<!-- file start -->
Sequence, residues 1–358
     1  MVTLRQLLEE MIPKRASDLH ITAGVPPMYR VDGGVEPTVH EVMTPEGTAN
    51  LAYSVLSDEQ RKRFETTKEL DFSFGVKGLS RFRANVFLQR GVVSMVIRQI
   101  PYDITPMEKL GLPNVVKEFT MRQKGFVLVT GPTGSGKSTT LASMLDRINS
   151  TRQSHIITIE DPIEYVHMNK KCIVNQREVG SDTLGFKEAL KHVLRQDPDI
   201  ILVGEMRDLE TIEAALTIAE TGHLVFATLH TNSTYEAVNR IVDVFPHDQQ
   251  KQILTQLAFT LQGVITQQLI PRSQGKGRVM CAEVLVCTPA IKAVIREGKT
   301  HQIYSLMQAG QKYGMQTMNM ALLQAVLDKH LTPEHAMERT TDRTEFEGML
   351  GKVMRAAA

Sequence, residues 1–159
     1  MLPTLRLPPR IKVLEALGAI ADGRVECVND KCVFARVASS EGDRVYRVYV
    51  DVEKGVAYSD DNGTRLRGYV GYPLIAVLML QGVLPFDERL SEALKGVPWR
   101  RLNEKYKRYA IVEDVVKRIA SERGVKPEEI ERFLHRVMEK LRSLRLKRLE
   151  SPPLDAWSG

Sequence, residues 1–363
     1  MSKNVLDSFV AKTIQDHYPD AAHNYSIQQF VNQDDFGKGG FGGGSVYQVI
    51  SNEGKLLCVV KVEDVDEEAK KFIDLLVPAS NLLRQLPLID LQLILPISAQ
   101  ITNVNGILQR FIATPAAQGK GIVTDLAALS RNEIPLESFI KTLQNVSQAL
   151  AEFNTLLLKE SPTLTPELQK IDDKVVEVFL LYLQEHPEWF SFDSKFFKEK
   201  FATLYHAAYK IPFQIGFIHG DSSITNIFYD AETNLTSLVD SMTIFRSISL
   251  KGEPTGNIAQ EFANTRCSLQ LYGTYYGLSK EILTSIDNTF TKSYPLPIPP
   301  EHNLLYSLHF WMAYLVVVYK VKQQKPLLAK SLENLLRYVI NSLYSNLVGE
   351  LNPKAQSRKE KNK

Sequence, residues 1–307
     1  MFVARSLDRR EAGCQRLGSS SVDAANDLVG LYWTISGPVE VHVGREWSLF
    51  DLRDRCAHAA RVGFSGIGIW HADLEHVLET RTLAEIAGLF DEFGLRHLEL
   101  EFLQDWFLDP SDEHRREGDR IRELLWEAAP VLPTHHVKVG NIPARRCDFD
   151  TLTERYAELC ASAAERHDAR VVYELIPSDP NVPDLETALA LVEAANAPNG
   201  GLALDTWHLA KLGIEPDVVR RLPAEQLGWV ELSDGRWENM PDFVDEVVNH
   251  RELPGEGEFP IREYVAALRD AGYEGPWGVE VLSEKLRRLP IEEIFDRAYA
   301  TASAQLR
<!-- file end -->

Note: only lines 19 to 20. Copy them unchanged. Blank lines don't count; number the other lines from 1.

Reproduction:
   151  AEFNTLLLKE SPTLTPELQK IDDKVVEVFL LYLQEHPEWF SFDSKFFKEK
   201  FATLYHAAYK IPFQIGFIHG DSSITNIFYD AETNLTSLVD SMTIFRSISL